When my brother and I were growing up, I do not remember having an option when it came to vegetables. Wait, I should clarify. It was not that there was a lack of variety in the vegetables placed before us, it was that we were never really given the option of trying them or not – we just did. We ate everything.
I’ll admit my Mother may be the better resource on this, but I do not remember there ever being a vegetable my brother or I would simply not eat (sure, there were ones that were not favourites). I recall being aghast when watching television and witnessing kid surreptitiously hide some Brussels sprouts in a napkin.
The thought had never dawned on me – I mean, why would anyone not want to eat a Brussels sprout? It was a completely foreign concept to my 7-year-old brain. Admittedly, our cocker spaniel did love corn, so he would have probably appreciated any scraps had we been willing to part with them.
We were lucky to be exposed to a wide array of vegetables, from a young age. We happily gobbled up steamed broccoli, curried cauliflower, peas in our aloo (potato) subsi, okra, spinach, beans of all sort, along with pulses and lentils. We even knew the three sides to one of our favourites — a vegetable that could be an aubergine when my grandmother was cooking, then transform itself into eggplant parmigiana at our neighbour’s house, and still be called baigan and brinjal when my Mom or Dad made Indian food.
My love for vegetables has carried me to adulthood, as I’ve expanded my repertoire to include new preparations and cooking methods. Nothing is better come springtime than roasted asparagus, more welcomed in summer than marinated salads, or more comforting in winter than braised leeks served alongside grilled meats.
S, on the other hand has not always been keen on our leafy and tuberous friends. Up until a few years ago, I could not even convince him that the noble onion was something that should pass his lips now and again. Luckily for me, a sojourn in some far-off lands opened up his culinary horizons and he is now my willing taste-tester. Though I’ll admit, I’ve not yet heard him say he ‘craved’ a vegetable – but I’m sure we’re on our way.
The many-named eggplant has been a perennial favourite, so when it came to deciding on what to make this past weekend, it was the obvious choice. Roasted in the oven, then used to top crunchy layers of puff pastry and a silky, rich filling of onions and herbed chèvre, the flavours were pronouncedly fall and the balance of textures exactly what I was looking for.
I sent one of these tarts to my parents this week; I hope they consider it a small thank you for all those years of ‘forcing’ me to eat my vegetables.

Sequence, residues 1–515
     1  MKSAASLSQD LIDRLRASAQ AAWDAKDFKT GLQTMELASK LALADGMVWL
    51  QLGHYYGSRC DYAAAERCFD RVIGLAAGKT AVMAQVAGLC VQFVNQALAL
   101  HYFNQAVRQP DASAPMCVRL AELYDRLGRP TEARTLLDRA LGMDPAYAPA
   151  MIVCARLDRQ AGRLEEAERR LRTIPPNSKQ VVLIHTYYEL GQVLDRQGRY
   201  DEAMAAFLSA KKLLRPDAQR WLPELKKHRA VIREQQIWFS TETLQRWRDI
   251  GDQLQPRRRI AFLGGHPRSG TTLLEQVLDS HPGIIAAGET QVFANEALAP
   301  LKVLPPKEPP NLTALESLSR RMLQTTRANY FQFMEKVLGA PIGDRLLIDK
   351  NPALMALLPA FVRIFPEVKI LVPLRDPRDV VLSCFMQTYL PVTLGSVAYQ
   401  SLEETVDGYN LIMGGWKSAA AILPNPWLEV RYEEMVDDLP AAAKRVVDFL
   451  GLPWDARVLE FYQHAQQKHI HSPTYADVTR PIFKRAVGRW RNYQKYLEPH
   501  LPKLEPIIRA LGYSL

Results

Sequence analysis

Roasted eggplant tart, with caramelized onions and chèvre
1 large globe eggplant
1 sheet puff pastry, thawed as per package instructions
2 small onions, halved and then sliced finely
100 g (3 oz) chèvre, softened and divided
100 g (3 oz) cream cheese, softened
2 tablespoons mixed fresh herbs (or more to taste), I used chives, parsley and thyme
5-10 cloves garlic, roasted and crushed into a paste
Salt and freshly ground pepper
Preheat oven to 425º F (220º C).
Slice eggplant into 1/2" rounds. Toss with olive oil, salt and pepper. Place in a single layer on a baking sheet and roast for 12 minutes. Turn the slices and roast for another 12 minutes, until lightly golden and soft. Alternatively, you can sauté the slices over medium heat. Set aside.
Reduce oven temperature to 400ºF (200º C).
On a floured surface, roll out the puff pastry to16”by 10”, trim any edges to form a neat rectangle. With a paring knife, score a 1” border around the edge of the pastry. Place on baking sheet. Prick (dock) the interior of the rectangle all over with a fork, to prevent excessive rising. Bake for 15 minutes, or until an even pale golden brown. Depending on your oven, you may need to rotate the pan halfway through the baking. Set aside on rack to cool (do not remove from baking sheet).
Meanwhile in a small saucepan with a tight-fitting lid, sauté the onions along with 1 teaspoon of salt. After the onions have become translucent cover and continue to cook, stirring frequently, for 15 minutes or until caramelized. Remove from heat, uncover and allow to cool.
In a small bowl, blend together half the chèvre, all the cream cheese and the herbs. Depending on the type used, you may need to loosen the mixture with a teaspoon of olive oil. You are looking for a lightly whipped, spreadable consistency. Season with salt and pepper, and set aside.
Being careful not to crush the pastry, spread the garlic paste over the crust. Top with the cheese mixture, followed by the caramelized onions. Arrange roasted eggplant over the onions and top with the reserved chèvre. Drizzle with a bit of olive oil, if desired.
Bake for 10 minutes, or until cheese starts to brown and the eggplant is warmed through. Can be eaten warm or at room temperature.
• For the ruffled effect shown with the puff pastry, I used a removable-bottomed tart pan with a fluted edge.
• Lemon zest and/or juice are welcome additions to the herbed cheese mixture.
• Any roasted vegetable would be excellent with this combination; tomatoes, zucchini or mushrooms are all suitable.
• Omit the chèvre and substitute an equal amount of a blue cheese for the filling.